The basic XC90 is a very capable car, and there is no doubt that there is a small, but definite market for this range-topping model. However, one has to question the worthiness of the V8 against a lesser-engined model given the cost implications of not just purchase but also day-to-day running. The added pace, of debatable value to the majority of users, is at the cost of serious fuel consumption. No doubt those who can afford to buy the car would not quibble about mpg, but the other cars in the range do much the same job, albeit at a slightly slower pace, for considerably less cost.

My personal choice, and the XC90 I believe to be the pick of the range as an all-rounder, would be the D5 diesel-engined version. You would need to have a pathological hatred of derv to dislike the D5, whose lack of outright pace is easily compensated for by the more real worldly useful fuel consumption, adequate performance, excellent road manners and glacial depreciation. The Sport does offer better appearance, improved handling and more pace, but at a price, a price beginning to encroach on the territory of the likes of the Range Rover, an arguably more desirable badge in what is an image conscious and status affirming niche. #p##03# The Volvo XC90 remains at the top of the class, but the V8 Sport isn't the best version you can buy.
2007 Volvo XC90 UK range overview

- Volvo XC90 D5 AWD (185PS) S: £32,820
- Volvo XC90 D5 AWD (185PS) SE: £35,320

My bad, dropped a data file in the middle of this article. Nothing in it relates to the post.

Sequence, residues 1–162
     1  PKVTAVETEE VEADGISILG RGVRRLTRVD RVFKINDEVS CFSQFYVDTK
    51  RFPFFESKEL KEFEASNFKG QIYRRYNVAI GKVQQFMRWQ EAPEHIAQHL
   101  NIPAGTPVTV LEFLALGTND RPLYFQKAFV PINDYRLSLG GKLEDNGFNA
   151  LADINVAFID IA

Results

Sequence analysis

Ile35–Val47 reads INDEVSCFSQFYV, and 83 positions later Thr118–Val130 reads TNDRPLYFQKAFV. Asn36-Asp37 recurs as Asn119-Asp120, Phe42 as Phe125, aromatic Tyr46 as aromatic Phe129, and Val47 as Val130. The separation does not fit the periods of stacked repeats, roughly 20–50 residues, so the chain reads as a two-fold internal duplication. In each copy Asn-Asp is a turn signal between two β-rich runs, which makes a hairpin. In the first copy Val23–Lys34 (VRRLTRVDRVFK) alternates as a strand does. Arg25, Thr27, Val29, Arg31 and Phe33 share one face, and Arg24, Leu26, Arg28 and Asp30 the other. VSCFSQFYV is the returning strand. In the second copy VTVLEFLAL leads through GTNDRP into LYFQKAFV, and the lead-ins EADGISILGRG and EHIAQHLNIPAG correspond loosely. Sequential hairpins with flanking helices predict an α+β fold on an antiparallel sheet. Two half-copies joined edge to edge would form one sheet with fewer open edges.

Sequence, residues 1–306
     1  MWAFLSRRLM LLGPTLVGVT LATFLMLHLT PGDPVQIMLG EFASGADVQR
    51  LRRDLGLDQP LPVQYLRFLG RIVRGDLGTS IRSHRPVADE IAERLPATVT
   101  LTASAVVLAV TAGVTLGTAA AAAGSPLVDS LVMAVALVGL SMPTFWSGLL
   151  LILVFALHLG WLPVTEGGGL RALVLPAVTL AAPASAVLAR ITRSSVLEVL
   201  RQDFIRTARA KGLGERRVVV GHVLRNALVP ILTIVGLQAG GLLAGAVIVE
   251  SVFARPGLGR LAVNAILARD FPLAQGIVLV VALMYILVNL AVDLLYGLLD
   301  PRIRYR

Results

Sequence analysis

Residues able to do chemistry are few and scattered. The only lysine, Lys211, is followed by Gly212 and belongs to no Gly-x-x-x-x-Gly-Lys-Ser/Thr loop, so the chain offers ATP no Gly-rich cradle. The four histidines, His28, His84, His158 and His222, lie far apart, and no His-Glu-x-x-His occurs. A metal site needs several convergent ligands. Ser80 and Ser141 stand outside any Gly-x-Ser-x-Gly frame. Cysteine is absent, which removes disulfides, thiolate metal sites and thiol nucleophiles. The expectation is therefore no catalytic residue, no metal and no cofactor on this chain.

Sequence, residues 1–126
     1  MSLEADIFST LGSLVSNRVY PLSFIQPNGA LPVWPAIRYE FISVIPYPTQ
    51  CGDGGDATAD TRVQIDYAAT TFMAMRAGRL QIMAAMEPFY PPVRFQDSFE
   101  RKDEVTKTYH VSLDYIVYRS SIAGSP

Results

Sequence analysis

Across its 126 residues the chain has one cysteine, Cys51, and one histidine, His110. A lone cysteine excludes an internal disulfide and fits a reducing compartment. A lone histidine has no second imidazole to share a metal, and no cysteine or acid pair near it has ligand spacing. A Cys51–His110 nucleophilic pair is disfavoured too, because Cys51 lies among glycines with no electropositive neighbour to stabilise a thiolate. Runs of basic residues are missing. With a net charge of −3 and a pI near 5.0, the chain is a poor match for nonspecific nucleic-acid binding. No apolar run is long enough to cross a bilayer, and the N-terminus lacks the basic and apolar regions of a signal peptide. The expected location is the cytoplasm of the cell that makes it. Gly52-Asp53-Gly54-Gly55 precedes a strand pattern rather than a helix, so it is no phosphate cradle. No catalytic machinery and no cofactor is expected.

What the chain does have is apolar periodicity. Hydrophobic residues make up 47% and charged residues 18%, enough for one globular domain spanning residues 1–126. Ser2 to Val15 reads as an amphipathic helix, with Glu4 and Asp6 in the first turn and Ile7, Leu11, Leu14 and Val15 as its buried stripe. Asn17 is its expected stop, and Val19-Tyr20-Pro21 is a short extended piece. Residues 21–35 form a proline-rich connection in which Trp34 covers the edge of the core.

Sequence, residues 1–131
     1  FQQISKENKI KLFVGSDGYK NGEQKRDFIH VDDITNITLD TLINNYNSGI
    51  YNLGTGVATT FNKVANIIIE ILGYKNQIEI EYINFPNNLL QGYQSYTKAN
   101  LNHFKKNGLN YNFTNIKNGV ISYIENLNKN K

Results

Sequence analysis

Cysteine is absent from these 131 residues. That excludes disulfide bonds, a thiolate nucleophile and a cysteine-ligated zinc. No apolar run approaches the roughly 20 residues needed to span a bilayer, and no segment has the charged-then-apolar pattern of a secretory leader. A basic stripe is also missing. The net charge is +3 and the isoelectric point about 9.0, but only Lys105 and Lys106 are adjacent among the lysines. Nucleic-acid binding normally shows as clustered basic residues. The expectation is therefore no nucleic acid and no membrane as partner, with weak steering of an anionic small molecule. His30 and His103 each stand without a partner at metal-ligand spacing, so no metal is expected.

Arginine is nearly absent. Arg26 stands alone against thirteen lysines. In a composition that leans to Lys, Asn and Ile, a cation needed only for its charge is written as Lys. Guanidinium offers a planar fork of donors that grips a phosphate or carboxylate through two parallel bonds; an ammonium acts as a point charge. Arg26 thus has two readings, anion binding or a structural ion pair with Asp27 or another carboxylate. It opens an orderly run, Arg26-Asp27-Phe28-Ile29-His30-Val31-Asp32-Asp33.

- Volvo XC90 3.2 AWD (238PS) SE Geartronic: £36,328
- Volvo XC90 D5 AWD (185PS) SE Sport: £37,270
- Volvo XC90 D5 AWD (185PS) SE Lux: £37,420
- Volvo XC90 3.2 AWD (238PS) SE Sport Geartronic: £38,278
- Volvo XC90 3.2 AWD (238PS) SE Lux Geartronic: £38,428
- Volvo XC90 V8 AWD (315PS) SE Geartronic: £44,225
- Volvo XC90 V8 AWD (315PS) SE Sport Geartronic: £45,950
- Volvo XC90 V8 AWD (315PS) SE Lux Geartronic: £46,325

Dave Jenkins - 27 Jan 2007



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2007 Volvo XC90 specifications: (SE Sport V8)
Price: £45,950 on-the-road.
0-60mph: 6.9 seconds
Top speed: 130mph
Combined economy: 20.9mpg
Emissions: 322g/km
Kerb weight: 2102kg

2007 Volvo XC90 Sport. Image by James Jenkins.2007 Volvo XC90 Sport. Image by James Jenkins.2007 Volvo XC90 Sport. Image by James Jenkins.2007 Volvo XC90 Sport. Image by James Jenkins.2007 Volvo XC90 Sport. Image by James Jenkins.

2007 Volvo XC90 Sport. Image by James Jenkins.2007 Volvo XC90 Sport. Image by James Jenkins.2007 Volvo XC90 Sport. Image by James Jenkins.2007 Volvo XC90 Sport. Image by James Jenkins.2007 Volvo XC90 Sport. Image by James Jenkins.



2007 Volvo XC90 Sport. Image by James Jenkins.
 

2007 Volvo XC90 Sport. Image by James Jenkins.
 

2007 Volvo XC90 Sport. Image by James Jenkins.
 

2007 Volvo XC90 Sport. Image by James Jenkins.
 

2007 Volvo XC90 Sport. Image by James Jenkins.
 

2007 Volvo XC90 Sport. Image by James Jenkins.
 

2007 Volvo XC90 Sport. Image by James Jenkins.